Home Improvement Loan Calculator
- What is a home improvement loan? How do home improvement loans work?
- How to use the home improvement loan calculator?
- How to get a home improvement loan?
- Governmental types of home improvement loan
- Home equity, credit cards, and personal loans for home improvement
- Home remodel loan calculator - things to consider before you take a loan
The home improvement loan calculator is a simple tool that allows you to estimate the monthly payments for a home loan taken towards an improvement project. It is wise to evaluate all the financial options available and gauge what you can afford when planning a home improvement. You have to be both realistic about the cost and strategic about how you will pay off the mortgage loan given a particular home improvement loan APR.
Whether you're considering a government-insured loan or an unsecured personal loan for home improvement, the home improvement or home remodel loan calculator enables you to determine your home improvement loan monthly payment so you can plan towards your repayment. This article reviews some of the financial options available for home improvements so you can decide what the best home improvement loan for you is while evaluating different scenarios for your repayment plan.
What is a home improvement loan? How do home improvement loans work?
A home improvement loan is a loan specifically offered to fund home renovations. Typically, home improvement loans are unsecured personal loans you can borrow for small projects such as repairing your bathroom, building a new kitchen, or making energy consumption improvements. Costlier projects like adding an extension to your living room, revamping or waterproofing your basement, or turning your garage into a living space often require a larger loan, usually a secured loan based on your credit score or home equity. The home improvement loan calculator is a simple tool to quickly estimate costs and repayment schedules for these projects.
Home improvements are beneficial because they create living space for your family and add value to the property if you decide to refinance or sell it in the future. Hence, making improvements to your home is a good investment because you can recoup the amount you spent with some gains.
How to use the home improvement loan calculator?
Using the home improvement loan calculator is straightforward:
- Input the loan amount you plan to borrow.
- Provide the loan term agreed with your mortgage lender.
- Provide the interest rate.
- Input the application fee percentage to get the application fee charged on the loan.
Once you've provided these details, the home remodel loan calculator will summarise the loan results on a table indicating the monthly payment, effective APR, total interest payable, and total cost required to close the loan. Note, that in the
advanced modeyou can set the first due date as well.
You can also get more information from the chart of balances and amortization schedule displayed below the payment summary table. Make sure to try out different scenarios to see how the monthly loan payment changes before deciding your next steps.
How to get a home improvement loan?
There are different types of home improvement loans. How to get a home improvement loan depends on whether you're an existing homeowner looking to renovate your home or a new home buyer who wants to update before moving into your new place. To choose the best option for your project, you must consider factors like your:
- Debt-to-income ratio;
- Credit score;
- Home equity,
- How quick the funding is approved; and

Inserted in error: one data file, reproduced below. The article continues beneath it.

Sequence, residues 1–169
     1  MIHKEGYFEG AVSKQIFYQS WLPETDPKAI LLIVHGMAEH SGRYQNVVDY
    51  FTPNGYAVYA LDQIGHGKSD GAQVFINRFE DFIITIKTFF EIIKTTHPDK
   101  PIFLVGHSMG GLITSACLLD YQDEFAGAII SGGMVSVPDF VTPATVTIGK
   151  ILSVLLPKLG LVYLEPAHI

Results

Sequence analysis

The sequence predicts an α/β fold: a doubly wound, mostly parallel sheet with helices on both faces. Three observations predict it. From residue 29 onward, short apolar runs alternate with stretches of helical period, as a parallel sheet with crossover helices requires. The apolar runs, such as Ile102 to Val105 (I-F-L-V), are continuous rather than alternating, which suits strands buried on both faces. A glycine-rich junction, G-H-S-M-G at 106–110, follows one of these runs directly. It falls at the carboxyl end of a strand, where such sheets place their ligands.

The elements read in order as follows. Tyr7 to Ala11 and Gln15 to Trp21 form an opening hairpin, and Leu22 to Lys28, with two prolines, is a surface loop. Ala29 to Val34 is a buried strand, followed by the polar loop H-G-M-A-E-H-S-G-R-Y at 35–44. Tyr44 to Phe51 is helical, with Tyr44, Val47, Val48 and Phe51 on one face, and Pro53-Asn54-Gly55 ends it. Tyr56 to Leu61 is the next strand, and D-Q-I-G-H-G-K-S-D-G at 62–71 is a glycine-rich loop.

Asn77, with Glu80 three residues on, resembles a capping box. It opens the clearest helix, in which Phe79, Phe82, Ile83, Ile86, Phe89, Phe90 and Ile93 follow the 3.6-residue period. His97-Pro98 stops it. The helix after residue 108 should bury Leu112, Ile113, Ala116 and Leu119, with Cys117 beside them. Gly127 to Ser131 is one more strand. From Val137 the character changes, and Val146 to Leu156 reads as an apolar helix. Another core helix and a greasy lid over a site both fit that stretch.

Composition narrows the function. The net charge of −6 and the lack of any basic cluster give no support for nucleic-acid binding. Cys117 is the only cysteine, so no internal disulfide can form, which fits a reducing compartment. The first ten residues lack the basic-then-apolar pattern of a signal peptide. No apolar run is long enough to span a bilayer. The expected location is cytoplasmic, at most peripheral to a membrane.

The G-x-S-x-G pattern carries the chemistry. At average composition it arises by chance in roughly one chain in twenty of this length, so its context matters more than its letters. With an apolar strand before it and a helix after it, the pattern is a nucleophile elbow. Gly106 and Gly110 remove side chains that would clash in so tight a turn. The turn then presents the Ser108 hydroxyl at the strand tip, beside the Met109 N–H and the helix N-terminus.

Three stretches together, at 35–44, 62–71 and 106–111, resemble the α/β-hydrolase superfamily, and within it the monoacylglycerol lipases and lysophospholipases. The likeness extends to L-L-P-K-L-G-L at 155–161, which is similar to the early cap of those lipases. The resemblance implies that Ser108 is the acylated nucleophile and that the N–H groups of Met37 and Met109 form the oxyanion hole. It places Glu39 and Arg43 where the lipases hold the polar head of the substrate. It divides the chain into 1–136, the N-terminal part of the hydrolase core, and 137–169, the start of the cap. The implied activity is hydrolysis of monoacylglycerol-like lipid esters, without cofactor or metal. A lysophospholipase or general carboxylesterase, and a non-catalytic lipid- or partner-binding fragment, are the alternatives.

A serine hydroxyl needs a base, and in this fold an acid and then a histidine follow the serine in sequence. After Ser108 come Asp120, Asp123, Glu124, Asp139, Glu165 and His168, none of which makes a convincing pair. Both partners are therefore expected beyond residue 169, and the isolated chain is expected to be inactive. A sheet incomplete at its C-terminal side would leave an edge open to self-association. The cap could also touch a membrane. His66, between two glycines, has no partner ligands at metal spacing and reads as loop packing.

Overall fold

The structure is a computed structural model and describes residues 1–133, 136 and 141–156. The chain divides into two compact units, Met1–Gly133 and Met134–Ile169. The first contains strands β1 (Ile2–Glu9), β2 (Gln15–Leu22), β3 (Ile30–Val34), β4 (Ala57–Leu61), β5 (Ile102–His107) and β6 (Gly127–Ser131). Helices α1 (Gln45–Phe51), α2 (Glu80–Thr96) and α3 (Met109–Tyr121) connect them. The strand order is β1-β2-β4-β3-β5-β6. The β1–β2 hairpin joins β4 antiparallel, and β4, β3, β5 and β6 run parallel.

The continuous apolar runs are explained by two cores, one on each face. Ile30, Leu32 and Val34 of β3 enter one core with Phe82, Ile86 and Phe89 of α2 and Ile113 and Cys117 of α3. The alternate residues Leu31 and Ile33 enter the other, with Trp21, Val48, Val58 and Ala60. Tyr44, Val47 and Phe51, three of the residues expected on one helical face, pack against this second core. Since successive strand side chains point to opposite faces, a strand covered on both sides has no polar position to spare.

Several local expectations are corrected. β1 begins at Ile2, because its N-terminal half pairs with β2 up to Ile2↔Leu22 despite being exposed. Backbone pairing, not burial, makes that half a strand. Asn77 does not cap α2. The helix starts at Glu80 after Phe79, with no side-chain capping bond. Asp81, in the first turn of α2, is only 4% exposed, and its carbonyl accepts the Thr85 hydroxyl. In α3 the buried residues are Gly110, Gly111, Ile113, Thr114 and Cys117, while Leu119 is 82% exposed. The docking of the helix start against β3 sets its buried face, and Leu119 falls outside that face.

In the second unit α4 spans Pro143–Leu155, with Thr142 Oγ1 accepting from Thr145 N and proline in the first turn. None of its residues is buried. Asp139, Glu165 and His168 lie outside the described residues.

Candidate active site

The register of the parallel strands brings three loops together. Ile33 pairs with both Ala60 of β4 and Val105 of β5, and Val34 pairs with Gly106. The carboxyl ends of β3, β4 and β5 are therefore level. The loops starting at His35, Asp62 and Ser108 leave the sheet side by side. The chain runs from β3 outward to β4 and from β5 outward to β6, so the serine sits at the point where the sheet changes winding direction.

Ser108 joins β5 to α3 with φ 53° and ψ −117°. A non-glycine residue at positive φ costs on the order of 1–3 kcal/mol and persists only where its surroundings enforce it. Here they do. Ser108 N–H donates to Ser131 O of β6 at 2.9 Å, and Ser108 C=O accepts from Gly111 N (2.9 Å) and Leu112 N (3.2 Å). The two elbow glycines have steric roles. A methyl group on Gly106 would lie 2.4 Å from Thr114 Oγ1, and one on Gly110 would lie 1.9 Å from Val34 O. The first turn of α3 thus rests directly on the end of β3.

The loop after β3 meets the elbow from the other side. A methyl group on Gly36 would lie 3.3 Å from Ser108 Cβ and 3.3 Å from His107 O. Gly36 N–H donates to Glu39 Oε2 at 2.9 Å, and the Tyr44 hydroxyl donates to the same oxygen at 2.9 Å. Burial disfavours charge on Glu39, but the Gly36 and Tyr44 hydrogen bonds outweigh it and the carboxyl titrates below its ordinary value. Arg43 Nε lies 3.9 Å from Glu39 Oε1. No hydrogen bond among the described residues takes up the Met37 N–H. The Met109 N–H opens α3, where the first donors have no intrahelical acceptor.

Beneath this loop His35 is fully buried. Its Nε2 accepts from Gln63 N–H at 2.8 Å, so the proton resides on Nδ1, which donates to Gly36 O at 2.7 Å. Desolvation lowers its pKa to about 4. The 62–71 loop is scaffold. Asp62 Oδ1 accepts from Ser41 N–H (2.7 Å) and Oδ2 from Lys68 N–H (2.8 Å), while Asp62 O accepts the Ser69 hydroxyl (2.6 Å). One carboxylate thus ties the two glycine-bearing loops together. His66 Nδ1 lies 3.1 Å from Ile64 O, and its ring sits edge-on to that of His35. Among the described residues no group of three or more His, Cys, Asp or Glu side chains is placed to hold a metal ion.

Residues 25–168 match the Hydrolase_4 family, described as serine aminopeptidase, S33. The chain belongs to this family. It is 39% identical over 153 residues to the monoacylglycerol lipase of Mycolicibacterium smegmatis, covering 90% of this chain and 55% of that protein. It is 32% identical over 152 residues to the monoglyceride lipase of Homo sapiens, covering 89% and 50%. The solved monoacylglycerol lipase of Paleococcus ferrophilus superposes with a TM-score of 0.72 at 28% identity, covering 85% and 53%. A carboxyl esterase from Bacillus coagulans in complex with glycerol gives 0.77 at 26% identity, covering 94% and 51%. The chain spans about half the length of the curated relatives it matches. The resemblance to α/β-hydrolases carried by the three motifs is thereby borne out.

- Repayment terms.
Governmental types of home improvement loan
Some of the standard types of home improvement loans available for consideration are as follows:
203(k) Rehab Mortgage Insurance
The 203(k) rehabilitation mortgage insurance helps homeowners finance a home purchase and the cost of its rehabilitation or the rehabilitation of an existing home. Insured by the Federal Housing Authority (FHA), the program enables homeowners to access cheap interest rates for mortgages - as low as 3% for loans. The primary requirement is that the home is over a year old, and repairs cost a minimum of $5,000. Check out our FHA loan calculator for more details.
This is the best option for an extensive home improvement project with an affordable interest rate if your home value is within the FHA mortgage limits. However, you have to meet the Department of Housing and Urban Developments' (HUD) requirements and appraisals.
Limited 203(k) Mortgage
If you want to finance home improvement or upgrades worth less than $35,000, the limited 203(k) offers a quicker route as an alternative to the standard 203(k) rehabilitation mortgage insurance.
Limited 203(k) mortgage are the best home improvement loans if you need to prepare a home for sale or need quick access to cash to pay for property repairs identified by a home inspector or an FHA appraiser.
Title 1 property improvement loan
The Title 1 property improvement loan caters to repairs and improvements for non-residential properties and structures. The HUD guarantees this loan program and allows you to finance non-residential property repairs and homes occupied for at least 90 days in conjunction with the 203(k) rehab mortgage.
This loan is the preferred option for renovating non-residential properties at a cheap fixed interest rate insured by the HUD.
If you still wonder what type of loan is best for home improvements, check the next section. We described some other non-governmental solutions.
Home equity, credit cards, and personal loans for home improvement
You have learned what home improvement loans are offered by the government. Let's now see some alternatives:
Home equity loan
Home equity loans are secured loans you can take using your house as collateral when you've paid off at least 15% of your mortgage. You can borrow up to 85% of your home value besides what you already owe in mortgage payments and repay at a fixed interest rate for up to 20 years.
The option is preferred for a significant home improvement project for which you know the cost of and require professional contractors.
Home Equity Line of Credit (HELOC)